I still am in touch with several veteran game composers, many are currently enjoying the current “retro revival”, but many have had employment problems over the years. The game industry in general is very cyclic, boom and bust. I haven’t worked full time in games for almost 15 years now. In general, it’s a very competitive industry, everyone has a friend who has a band, or can write some music, so it’s only financially logical for businesses to look at the cheapest possible solutions. It has nothing to do with talent either, some of the most talented composers I know, struggle to find work (People who are far better composers than me). Even now, top game development companies treat their external resources badly. I hear horror stories all the time about how some of the big name companies make their external developers jump through hoops to get paid and then make them wait months for the privilege. Making games is fun - working for some game companies… not so much.

Back in your early days you had to work on several projects at the same time to be able to pay your bills as a composer for video games. With this overcrowded and full of passion projects (and with very scarce funding) indie games scene, is there a similar situation now to when you started, when we talk about being financially sustainable? Please don’t hesitate in mentioning numbers if you want.

Working freelance wasn’t a sustainable business model for me when I first started (around $250 per tune – and I wasn’t good enough to get regular work), but after a couple of years I managed to get a full time job paying around $7000 a year, “14 of us lived in a shoebox in the middle of the road”. Obviously that was a long time ago and I was very young (17). I think by the time I left the industry in 2000 I was on $75k a year. I think the big difference between now and then is that back then the market was so hungry for products that any title would sell reasonably well. These days, there are many titles, and very few actually hit gold.. I saw statistics lately that showed out of 10 games, costing roughly around 50k to make.. (single developer indie games) – 7 will lose money.. 2 will break even and 1 will make money.. Those aren’t very good odds. What fascinates me is the constant PR.. It’s become such a huge part of making a game successful, Twitter, Facebook, all the gaming sites, podcasts, youtube videos, etc.. Answering questions for interviews ;) We used to have Zzap64… A company would put an advert in it and the game would sell… simple.

I think it’s heartbreaking to see the amount of work today’s generation put into developing software and don’t see even enough return on it to survive on, but I also think it’s amazing to see the gargantuan projects like GTA being developed. I think the problem stems from people not wanting to pay for phone apps. I’ve caught myself agonizing over a 99 cent app and then realizing “WTF !! it’s a buck ! I use this every day !! PAY THE DOLLAR !!” – That being said, there’s a lot of shovelware out there.. and you only need to get burnt once before you start to get hesitant about that precious dollar.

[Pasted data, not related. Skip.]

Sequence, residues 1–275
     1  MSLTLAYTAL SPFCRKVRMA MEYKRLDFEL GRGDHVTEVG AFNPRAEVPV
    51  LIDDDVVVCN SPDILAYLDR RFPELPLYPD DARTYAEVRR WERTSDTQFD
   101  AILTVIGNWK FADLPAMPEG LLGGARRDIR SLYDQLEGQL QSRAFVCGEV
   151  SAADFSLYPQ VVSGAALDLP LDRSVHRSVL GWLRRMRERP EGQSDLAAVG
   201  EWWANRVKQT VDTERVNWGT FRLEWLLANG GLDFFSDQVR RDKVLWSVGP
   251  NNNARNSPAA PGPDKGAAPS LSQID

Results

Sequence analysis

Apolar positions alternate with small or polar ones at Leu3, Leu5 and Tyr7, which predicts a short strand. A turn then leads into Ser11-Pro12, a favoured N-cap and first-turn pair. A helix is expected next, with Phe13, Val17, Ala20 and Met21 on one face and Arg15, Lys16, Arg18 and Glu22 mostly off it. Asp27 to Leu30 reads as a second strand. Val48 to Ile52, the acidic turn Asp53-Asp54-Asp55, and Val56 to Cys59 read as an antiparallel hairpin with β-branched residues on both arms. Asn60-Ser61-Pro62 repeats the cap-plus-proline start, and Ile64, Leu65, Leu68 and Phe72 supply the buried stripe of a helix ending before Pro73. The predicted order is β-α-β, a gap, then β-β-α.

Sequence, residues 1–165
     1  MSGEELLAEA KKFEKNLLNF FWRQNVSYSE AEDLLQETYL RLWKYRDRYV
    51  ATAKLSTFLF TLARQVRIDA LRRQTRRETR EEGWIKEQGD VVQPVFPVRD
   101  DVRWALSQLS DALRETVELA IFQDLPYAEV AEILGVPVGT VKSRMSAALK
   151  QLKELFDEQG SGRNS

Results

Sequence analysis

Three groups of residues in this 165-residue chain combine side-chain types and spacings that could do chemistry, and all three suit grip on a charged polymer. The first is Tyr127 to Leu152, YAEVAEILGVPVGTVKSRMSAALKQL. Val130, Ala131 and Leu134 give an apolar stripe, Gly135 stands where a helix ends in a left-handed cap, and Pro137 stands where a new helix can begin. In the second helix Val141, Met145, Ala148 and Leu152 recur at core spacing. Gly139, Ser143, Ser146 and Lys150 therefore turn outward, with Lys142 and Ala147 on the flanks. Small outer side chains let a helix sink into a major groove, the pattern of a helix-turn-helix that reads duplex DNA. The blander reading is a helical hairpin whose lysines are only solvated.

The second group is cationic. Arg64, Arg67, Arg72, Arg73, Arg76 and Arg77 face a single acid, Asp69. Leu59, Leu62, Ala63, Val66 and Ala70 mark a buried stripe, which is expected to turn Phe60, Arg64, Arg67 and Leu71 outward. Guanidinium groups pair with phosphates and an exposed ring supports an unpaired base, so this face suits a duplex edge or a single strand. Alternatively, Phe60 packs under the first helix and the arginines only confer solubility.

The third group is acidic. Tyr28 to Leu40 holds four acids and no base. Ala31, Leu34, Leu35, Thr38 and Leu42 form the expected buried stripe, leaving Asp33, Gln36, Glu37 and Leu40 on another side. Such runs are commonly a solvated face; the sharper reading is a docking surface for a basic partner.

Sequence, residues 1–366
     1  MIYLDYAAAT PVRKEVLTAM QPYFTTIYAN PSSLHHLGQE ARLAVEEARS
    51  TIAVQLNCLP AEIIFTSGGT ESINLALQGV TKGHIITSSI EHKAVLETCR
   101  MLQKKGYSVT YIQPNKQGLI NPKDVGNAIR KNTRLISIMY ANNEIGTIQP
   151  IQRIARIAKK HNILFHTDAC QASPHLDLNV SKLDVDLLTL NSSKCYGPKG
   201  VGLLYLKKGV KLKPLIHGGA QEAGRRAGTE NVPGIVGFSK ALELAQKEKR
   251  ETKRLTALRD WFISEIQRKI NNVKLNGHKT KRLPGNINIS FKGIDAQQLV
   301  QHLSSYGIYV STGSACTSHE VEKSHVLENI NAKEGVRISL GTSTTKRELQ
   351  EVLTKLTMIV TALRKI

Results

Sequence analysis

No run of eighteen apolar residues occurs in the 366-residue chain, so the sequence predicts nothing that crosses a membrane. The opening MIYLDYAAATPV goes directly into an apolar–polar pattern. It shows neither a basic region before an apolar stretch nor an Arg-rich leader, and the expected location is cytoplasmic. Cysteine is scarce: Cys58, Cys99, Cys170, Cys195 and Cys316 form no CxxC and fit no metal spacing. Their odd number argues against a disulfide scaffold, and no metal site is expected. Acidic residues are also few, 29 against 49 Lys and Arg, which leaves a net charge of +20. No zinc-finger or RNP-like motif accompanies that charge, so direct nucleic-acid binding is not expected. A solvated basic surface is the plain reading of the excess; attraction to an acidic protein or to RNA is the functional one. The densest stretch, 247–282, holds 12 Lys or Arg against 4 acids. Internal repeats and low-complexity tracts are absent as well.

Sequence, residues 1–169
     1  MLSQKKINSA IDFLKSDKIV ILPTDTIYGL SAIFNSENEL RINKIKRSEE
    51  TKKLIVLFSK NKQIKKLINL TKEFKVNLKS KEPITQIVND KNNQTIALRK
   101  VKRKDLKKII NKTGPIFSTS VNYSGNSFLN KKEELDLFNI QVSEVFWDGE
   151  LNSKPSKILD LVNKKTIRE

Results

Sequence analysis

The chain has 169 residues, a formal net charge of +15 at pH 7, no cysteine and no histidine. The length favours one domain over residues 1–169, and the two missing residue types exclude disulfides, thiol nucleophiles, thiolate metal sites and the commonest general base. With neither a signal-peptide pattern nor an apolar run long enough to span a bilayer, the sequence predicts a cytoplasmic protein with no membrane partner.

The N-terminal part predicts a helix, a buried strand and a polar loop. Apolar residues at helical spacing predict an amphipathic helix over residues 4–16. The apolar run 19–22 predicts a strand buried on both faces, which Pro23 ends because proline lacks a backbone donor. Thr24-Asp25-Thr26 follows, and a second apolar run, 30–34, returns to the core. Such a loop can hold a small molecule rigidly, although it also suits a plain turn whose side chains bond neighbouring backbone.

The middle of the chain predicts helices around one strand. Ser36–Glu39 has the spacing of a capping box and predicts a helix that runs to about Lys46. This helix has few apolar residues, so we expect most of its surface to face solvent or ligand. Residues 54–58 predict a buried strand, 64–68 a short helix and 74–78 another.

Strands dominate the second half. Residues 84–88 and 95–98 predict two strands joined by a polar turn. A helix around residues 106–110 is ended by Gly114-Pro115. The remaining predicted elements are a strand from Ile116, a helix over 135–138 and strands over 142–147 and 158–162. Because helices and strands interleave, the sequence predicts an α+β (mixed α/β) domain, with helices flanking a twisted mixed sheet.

As for Horizon Chase, it’s my passion project for the year. For me, the amount of love shown from the people of Brazil for the Top Gear music has been awe inspiring. The amount of people who took the time to learn to play the old tunes on instruments is astounding. It’s very moving to see these kids so excited to play them, seeing & hearing their passion was what motivated me. It was an honor to be asked to be involved. What was just a rainy Tuesday afternoon in Sheffield for me, was apparently a huge part of many people’s childhoods. It became something very personal to them, and thus, it became very personal to me. This whole project has been a labor of love for me. I’ve put my heart and soul into it, and only hope I can once again remind them of the excitement of being a child playing a kick ass racing game. For me, it’s reminded me how fun it is to write some good old fashioned fun driving music. I’ve been constantly listening to it in my car trying to get the mixes perfect, and I have to tell you, I’ve caught myself speeding every god damned time I listen to it…

Which advices for the future would you give to the early 90s’ Barry? and for the 2000’s Barry?

90’s Barry: “Enjoy the early 90’s... it doesn’t get any better than that.”

and 2000’s Barry: “Atari will die.. Fisher Price needs music for their toys!”

;)

Life since early 2000s.

After working on the Arcade and Dreamcast versions of RUSH 2049 and Gauntlet: Dark Legacy, Barry got some offers to work doing music for toys. So decided to focus on that niche with the same passion he composed for games, maybe it's not as exciting as games, but brings him more stability.

If you stop to think, this man has put music in lives of so many children that is hard to calculate... I wanted to close this interivew with a very fond memory of him, the last pic he took with his grandmother, showing her some of his toy tunes: "She used to sing me a lullaby when I was a wee boy, I put that lullaby in a LOT of toys. she got to hear it before she died.", Barry told me.

-Barry Leitch (http://www.barryleitch.com)

Aquiris Game Studio is a Brazilian independent studio, mainly focused on multi-platform games for midcore audience. We publish our own games and also codevelop some of our projects with a publishing partner (i.e. Cartoon Network).